5 Minute Dungeon
I was quite intrigued when I first found this board game at the local library. My eyes first spotted the very fitting dragon-esque number 5 in the center of the box and I was quite pleased with the game that I checked out on a whim. I had not heard of 5- Minute Dungeon by Wiggles 3D prior to my library trip but this is definitely a hidden gem of a game.
It is rated for ages 8 and above and is for 2-5 players. I find it interesting that there were pieces written in French on the cover- but also a text box that says “Knowledge of English Required.” The contents inside is 200 player cards, 55 dungeon cards, 20 challenge cards, 3 double-sided boss mats, 5 double-sided hero mats and a rule book. When you get the box new there is also a plastic insert to keep things organized and from rattling around in the box. This game also has an expansion available as well.
How to Play
This is a a cooperative party game that can be played by 5 heroes in the main box, 6 if you are using the expansion pack. You and your party have a 5 minute timer to defeat the dungeon spawn and a big boss. There is a easy to follow step-by-step rule book that tells you all of the rules of the game, but there is also a QR code that links you to a YouTube video on how to play incase you don't want to read through the book.
The boss mat states how many dungeon cards you will place on top of them plus 2 challenge cards per player. There are 6 boss mats in total that you are to complete, and let me say that this game is fun but difficult. You start with boss 1- Baby barbarian and work your way up to fight the DM. Each player picks a side of one of the hero mats to play and then they get to take the matching player cards stack to that color. Each hero has a special move that they can do at the cost of discarding cards from their hand. From what I could tell each player has access to the types of cards needed (scroll, shield, arrow, sword, jumpy guy, etc.) and also had some black cards such as heal, holy hand grenade and others that did things to help your party regain cards or take away monsters or obstacles.
Once everyone has their character picked out you deal yourselves out the starting amount of cards (which changes based on the number of people who play that round. For sleepy and I it was 5 starting cards for 2 players). Then you use a 5 minute counter to track your time as you start to go through the cards. I highly recommend using the 5-minute Dungeon app which has 6 different voice actors that will narrate and keep you on track as you play.
Out of the 3 rounds Sleepy and I only made it to the boss mat once, with 34 seconds to spare, and we were unable to win due to the lack of cards in our hands. I can see why this game can be hard with just 2 people and much easier with more players as it gives you more cards with each player you get. As it is a cooperative game you are working to take the cards from you hands to match the colors/symbols from your hand to the colors/symbols on the dungeon, challenge, and boss cards. When you and your companions match all the symbols you can discard that monster/obstacle/etc and go onto the next one until you reach the boss mat at the bottom. The boss mats get harder and harder to defeat, requiring more cards to vanquish them. This is a fun party game as you are working against the clock rather than against each other. There is a definite need for strategy as you need to match certain cards, but you can also discard cards for class specific powers (like my paladin could discard 3 cards to auto defeat a monster). Sleepy and I both learned the hard way that you don't want to just dump cards either as you don't know when you will need that color or if you or your cohorts will have that card in the future.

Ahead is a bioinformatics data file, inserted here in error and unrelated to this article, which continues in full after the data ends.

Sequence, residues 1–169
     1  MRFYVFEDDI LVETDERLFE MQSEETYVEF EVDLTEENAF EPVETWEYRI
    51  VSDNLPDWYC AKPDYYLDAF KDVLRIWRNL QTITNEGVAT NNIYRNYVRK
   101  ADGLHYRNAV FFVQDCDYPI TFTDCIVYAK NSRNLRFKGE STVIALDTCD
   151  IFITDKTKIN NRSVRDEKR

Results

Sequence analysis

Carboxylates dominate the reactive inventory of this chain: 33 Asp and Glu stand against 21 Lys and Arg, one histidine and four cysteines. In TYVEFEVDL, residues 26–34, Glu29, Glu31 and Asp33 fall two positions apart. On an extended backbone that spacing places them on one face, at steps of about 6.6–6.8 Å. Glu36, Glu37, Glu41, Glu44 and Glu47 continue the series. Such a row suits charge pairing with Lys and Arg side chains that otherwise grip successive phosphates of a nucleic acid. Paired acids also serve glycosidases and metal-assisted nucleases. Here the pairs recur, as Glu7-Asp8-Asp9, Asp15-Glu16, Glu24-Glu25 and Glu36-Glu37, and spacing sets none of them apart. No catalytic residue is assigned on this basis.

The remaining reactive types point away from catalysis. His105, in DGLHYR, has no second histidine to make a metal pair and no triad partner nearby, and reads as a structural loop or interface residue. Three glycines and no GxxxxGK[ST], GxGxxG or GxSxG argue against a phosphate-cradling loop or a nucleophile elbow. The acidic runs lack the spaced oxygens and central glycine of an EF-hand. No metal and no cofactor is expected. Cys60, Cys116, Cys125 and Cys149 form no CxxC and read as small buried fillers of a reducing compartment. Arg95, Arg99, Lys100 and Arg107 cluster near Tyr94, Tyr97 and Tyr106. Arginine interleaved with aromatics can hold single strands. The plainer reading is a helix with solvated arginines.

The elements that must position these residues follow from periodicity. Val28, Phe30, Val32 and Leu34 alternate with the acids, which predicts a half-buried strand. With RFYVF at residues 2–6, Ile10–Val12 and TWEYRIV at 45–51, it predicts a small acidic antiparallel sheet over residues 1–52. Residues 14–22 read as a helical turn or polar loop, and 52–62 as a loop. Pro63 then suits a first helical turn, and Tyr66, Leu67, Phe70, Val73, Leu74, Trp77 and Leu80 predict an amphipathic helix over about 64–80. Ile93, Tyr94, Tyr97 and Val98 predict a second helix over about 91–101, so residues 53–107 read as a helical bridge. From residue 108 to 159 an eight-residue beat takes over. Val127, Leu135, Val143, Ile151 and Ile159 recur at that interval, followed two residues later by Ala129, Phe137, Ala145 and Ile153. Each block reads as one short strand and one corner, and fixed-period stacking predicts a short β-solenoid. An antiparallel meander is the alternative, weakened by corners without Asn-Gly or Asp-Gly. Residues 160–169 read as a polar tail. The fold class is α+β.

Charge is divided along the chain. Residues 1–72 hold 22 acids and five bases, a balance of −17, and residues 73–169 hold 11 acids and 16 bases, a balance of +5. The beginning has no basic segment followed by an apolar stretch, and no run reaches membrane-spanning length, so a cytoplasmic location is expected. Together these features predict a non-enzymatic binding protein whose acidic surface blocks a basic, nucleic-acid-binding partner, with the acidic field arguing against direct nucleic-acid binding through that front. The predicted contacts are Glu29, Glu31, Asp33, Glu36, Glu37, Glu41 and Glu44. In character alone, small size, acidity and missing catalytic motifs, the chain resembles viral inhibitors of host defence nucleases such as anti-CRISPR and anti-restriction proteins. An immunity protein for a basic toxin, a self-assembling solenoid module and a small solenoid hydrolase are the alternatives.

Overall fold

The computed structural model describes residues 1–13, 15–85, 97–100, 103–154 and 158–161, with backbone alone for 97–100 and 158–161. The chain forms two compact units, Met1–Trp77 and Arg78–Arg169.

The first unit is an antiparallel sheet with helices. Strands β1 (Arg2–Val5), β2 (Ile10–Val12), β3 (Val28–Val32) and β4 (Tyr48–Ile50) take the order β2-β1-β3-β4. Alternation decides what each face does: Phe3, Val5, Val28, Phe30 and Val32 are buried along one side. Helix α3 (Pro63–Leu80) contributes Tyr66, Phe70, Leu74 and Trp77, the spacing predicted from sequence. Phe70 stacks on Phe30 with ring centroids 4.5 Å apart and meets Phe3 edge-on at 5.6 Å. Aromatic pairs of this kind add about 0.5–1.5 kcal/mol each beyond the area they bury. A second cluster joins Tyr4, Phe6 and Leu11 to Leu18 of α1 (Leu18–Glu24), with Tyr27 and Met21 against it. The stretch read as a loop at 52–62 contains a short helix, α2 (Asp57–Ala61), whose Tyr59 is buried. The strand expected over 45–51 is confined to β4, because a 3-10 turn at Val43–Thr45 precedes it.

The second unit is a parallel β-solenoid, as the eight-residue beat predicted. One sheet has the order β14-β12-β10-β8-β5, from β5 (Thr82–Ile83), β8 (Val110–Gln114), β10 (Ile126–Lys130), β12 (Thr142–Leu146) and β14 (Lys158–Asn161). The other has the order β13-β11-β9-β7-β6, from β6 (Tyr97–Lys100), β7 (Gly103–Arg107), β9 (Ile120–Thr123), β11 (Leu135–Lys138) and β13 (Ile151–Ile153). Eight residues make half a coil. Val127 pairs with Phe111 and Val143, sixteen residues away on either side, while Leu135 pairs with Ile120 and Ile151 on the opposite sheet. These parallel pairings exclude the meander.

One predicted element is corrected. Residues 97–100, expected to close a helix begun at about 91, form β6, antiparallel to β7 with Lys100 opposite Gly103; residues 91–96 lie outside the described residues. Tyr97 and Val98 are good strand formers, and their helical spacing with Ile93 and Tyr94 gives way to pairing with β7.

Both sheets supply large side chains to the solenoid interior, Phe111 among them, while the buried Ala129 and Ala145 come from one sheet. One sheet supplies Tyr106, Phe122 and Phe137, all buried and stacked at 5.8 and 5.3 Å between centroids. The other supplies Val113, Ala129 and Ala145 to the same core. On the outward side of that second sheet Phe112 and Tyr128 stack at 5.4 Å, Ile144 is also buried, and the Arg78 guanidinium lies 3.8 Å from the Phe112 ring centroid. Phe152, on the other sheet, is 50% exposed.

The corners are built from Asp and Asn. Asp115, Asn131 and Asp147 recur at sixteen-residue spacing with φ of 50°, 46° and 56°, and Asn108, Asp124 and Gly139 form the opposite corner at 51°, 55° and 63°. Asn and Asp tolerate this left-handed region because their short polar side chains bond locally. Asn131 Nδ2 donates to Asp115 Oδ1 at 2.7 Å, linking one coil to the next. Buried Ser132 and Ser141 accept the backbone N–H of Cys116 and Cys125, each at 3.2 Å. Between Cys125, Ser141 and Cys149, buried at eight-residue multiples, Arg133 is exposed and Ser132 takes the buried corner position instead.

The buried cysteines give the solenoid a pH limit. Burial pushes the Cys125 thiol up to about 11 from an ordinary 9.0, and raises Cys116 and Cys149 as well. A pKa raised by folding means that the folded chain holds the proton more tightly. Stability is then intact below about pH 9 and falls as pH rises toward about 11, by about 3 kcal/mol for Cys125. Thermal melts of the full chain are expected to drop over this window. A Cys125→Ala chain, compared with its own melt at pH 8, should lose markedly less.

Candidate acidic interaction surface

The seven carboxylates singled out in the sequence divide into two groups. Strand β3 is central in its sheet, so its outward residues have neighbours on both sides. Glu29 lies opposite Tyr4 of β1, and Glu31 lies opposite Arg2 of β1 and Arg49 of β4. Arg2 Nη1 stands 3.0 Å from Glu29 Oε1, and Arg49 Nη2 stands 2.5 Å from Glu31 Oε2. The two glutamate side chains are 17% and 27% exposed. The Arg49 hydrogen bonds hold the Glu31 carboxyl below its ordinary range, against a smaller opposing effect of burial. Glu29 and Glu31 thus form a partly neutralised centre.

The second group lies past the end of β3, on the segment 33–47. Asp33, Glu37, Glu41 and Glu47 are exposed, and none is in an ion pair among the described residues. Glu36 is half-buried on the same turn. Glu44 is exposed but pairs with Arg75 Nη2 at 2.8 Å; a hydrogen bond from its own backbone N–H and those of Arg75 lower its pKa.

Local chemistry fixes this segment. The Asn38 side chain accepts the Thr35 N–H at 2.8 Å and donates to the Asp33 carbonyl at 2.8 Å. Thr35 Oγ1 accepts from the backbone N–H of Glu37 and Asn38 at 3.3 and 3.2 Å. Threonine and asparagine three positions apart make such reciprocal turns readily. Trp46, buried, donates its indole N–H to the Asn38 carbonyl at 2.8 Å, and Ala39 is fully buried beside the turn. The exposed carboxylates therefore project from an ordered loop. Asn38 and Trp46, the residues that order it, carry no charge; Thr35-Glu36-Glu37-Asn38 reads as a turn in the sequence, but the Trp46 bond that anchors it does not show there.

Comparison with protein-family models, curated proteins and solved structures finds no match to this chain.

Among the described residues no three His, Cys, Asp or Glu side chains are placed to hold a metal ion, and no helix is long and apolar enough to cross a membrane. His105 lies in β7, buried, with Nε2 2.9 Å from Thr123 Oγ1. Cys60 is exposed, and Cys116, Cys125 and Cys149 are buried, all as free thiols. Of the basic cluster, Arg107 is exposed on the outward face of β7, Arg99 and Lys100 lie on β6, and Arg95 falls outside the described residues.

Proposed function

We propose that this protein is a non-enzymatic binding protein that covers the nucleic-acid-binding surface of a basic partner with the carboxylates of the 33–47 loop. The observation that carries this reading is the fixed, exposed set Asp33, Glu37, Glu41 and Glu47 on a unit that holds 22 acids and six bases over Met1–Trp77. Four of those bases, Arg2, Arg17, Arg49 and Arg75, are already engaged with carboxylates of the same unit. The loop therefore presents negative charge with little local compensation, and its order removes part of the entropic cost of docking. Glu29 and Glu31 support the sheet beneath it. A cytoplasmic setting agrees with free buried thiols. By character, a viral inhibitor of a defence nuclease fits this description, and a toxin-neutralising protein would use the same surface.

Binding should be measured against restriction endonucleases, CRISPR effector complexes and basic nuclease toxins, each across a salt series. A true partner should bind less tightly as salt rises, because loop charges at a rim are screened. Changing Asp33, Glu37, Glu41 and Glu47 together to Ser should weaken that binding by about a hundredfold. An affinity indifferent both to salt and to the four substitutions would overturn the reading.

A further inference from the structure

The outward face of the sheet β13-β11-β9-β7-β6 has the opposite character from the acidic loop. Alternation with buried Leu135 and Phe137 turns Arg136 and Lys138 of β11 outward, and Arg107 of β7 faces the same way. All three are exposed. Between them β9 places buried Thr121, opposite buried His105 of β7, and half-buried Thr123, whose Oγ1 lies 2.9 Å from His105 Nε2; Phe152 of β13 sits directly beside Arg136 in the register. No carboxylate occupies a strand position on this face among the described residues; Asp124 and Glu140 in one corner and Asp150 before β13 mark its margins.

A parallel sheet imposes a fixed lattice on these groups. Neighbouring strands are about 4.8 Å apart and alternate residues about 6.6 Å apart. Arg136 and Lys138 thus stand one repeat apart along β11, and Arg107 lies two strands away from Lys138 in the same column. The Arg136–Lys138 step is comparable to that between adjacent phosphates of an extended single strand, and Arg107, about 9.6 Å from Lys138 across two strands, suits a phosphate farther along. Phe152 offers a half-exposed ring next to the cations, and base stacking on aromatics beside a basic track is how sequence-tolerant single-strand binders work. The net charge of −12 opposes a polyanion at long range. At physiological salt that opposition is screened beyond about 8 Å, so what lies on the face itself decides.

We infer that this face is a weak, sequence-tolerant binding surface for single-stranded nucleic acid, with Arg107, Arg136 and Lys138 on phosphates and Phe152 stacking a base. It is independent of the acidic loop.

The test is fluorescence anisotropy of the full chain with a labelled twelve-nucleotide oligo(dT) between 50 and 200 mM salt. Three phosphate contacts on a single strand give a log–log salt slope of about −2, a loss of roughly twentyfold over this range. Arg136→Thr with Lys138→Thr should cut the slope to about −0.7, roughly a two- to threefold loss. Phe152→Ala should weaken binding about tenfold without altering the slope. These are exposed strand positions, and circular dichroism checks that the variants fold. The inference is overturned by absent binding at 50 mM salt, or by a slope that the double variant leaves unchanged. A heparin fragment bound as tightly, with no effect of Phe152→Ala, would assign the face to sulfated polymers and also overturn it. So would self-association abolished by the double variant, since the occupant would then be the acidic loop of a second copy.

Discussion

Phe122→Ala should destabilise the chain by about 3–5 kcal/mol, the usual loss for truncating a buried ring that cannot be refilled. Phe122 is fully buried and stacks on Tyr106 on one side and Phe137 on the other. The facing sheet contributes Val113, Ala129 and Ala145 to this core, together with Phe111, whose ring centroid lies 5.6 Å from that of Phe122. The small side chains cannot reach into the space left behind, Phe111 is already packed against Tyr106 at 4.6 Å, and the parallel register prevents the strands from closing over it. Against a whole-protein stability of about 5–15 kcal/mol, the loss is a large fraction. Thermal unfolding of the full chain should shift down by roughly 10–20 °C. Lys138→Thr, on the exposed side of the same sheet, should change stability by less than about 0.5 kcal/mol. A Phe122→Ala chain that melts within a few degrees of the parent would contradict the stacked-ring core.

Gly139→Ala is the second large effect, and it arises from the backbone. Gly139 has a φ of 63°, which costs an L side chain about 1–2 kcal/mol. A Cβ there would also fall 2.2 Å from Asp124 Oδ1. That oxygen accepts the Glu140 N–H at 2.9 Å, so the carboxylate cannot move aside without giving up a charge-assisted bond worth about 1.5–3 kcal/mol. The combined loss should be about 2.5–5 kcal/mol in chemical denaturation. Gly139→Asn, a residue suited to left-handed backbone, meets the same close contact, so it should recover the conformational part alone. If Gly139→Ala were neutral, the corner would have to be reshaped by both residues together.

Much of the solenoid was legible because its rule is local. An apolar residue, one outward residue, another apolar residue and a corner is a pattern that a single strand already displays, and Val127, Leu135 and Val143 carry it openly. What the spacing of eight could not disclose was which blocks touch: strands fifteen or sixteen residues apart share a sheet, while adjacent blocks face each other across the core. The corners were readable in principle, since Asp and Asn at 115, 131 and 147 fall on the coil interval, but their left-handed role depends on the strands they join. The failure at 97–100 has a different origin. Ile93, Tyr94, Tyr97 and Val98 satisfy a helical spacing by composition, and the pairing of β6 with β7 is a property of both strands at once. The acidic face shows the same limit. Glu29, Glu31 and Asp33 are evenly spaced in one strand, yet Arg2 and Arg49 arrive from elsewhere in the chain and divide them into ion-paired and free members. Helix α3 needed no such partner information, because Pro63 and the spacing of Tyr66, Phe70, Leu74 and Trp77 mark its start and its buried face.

The game goes until you defeat all the cards and the boss to win or there are many ways to loose. If the timer reaches 5 minutes, you loose. If you run out of cards that have the matching symbols when you get to the boss mat, you loose. If you and your fellow players run out of cards to play you also loose, good day sir. Sleepy and I fell victim to all three of those ways to loose in the three rounds that we played.
For accessibility I like that they hand not only symbols and colors to match on the cards, the type of dungeon card also had a symbol so those with character special abilities wouldn't necessarily know how to read but only needed to notice the wolf heads to match monsters, the person outline to match to people, and mountains for obstacles. This made the game open for players of younger age, those who may have trouble reading, and those who are color blind able to still participate. I will admit when we were playing we didn't really pay attention to the thing itself on the card and focused more on which symbols were needed and if either of us had a special ability to get rid of it. After the round was over we went through each of the monster cards to really appreciate the art and creativity that made each piece special.